From the beginning of the American engagement, governments in the Middle East have been ambivalent at best about radical Islamists. On the one hand, they declare their hostility toward organizations like al-Qaida. On the other hand, fully understanding that the movement was far more substantial than any one group, they hesitate or refuse to act against it. Partly this was because even among the citizens who were not jihadists, the jihadists were seen as admirable, dangerous (to others, not to them), or simply part of their community. The willingness of average citizens to cooperate with the government was limited.
So, too, was the governments’ willingness to risk destabilizing their societies in an attack on a deeply embedded segment of those societies. Sometimes the governments went through the motions. In some cases, segments of the government opposed or undermined any action. In others, parts of the government supported the jihadists, either to protect themselves from criticism or attack, or simply because they shared their point of view.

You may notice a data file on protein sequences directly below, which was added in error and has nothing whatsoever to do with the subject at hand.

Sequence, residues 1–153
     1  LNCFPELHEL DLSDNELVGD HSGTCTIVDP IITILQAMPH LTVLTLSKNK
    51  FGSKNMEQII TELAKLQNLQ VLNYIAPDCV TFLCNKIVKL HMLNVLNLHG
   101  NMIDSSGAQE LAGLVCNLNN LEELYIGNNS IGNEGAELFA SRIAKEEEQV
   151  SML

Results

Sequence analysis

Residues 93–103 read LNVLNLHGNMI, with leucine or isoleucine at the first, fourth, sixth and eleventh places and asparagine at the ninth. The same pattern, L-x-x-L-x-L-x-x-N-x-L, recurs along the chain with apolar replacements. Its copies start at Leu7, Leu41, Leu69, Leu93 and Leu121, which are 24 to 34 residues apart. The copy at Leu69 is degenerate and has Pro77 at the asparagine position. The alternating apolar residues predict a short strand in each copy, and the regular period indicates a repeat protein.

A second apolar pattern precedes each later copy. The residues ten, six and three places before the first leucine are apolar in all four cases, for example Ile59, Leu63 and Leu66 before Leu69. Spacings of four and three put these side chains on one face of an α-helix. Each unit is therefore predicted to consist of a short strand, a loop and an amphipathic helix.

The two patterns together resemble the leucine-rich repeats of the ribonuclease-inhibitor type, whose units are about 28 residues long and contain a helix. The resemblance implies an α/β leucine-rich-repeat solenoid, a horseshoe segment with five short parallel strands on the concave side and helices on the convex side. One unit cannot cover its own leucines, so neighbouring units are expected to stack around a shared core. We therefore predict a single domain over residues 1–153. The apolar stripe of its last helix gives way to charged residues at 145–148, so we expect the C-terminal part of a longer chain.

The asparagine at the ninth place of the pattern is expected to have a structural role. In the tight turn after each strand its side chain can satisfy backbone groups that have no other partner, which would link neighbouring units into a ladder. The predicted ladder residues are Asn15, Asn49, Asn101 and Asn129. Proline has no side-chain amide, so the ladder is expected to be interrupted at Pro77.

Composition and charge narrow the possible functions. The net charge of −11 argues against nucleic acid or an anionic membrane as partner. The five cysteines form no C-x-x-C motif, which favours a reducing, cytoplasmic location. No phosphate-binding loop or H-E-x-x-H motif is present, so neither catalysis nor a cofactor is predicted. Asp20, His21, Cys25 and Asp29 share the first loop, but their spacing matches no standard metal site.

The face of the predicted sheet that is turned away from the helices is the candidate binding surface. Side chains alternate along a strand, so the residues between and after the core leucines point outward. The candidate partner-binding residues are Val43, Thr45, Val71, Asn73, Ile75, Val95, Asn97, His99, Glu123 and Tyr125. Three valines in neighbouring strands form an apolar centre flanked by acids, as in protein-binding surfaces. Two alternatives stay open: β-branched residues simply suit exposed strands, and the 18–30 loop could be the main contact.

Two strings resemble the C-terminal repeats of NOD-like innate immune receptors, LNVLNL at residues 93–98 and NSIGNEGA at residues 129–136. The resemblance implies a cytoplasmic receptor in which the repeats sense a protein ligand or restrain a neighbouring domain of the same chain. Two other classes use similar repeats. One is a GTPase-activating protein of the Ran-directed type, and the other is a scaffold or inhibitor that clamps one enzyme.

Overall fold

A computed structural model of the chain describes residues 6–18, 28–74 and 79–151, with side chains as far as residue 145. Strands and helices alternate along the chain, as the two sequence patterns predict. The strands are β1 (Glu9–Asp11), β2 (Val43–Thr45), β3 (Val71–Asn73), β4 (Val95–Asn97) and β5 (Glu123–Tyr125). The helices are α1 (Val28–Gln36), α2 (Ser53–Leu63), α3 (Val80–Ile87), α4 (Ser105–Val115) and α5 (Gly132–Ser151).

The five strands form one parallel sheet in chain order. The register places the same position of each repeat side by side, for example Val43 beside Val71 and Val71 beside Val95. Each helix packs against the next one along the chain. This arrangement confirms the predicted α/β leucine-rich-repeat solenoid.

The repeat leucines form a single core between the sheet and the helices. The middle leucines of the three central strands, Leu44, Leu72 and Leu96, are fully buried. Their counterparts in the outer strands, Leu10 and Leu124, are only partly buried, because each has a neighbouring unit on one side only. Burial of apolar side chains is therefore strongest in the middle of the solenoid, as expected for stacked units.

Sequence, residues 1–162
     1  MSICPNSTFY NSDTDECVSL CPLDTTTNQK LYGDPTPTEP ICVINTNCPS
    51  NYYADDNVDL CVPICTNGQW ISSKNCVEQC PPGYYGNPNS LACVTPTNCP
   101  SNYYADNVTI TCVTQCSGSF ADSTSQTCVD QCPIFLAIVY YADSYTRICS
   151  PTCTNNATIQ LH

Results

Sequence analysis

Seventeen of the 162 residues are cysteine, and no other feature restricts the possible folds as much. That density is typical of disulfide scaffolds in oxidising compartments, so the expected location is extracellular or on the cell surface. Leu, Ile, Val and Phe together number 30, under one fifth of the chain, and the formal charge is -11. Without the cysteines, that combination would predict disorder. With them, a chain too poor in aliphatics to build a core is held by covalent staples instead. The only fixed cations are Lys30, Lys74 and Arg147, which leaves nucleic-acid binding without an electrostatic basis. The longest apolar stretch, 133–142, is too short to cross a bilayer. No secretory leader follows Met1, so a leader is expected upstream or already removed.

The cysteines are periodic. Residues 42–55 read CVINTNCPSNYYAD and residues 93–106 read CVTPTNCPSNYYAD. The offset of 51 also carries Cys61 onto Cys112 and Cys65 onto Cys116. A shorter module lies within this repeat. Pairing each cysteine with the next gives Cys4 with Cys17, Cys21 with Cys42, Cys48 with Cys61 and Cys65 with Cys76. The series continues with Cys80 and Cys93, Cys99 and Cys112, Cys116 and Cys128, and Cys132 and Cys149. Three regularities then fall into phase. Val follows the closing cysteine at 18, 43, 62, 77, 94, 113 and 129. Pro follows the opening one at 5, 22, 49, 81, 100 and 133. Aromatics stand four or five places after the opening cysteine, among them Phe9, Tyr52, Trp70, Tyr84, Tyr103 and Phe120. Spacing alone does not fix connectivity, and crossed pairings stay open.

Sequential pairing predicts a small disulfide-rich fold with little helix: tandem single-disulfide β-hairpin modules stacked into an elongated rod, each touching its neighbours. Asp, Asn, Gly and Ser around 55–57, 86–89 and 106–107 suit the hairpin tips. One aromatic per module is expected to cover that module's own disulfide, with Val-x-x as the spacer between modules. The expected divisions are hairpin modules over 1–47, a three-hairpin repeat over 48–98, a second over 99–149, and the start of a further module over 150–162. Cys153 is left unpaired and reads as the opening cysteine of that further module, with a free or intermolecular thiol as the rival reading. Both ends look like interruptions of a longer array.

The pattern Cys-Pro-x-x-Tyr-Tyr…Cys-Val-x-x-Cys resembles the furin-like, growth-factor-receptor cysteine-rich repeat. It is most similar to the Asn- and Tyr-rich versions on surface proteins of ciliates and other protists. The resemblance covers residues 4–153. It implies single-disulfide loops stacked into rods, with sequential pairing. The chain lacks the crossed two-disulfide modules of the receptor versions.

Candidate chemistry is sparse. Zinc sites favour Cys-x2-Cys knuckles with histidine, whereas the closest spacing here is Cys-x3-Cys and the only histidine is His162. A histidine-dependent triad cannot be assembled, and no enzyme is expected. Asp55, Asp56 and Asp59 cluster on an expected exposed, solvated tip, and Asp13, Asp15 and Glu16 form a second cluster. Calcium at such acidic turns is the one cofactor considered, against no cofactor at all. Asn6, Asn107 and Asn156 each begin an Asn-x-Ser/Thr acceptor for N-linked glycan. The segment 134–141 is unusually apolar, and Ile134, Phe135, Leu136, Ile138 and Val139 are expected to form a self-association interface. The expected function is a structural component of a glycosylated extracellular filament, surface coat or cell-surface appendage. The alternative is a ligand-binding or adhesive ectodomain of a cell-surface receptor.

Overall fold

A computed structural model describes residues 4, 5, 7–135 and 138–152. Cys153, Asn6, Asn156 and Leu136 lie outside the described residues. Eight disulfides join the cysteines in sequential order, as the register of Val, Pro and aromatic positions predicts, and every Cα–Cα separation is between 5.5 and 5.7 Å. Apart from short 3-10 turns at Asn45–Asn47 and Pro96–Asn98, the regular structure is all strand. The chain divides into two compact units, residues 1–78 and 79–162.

In short, the U.S strategy couldn’t work. If the jihadist movement drew from a social base that was part of the broader society, then attacks on the groups that arose from that base had little more than a temporary effect. The key had to be an attack by Middle Eastern nations on their own social structure. And it was the countries of the Middle East that had to compel their neighbors to take similarly aggressive action. This might not work, but without it there was no hope of the war succeeding.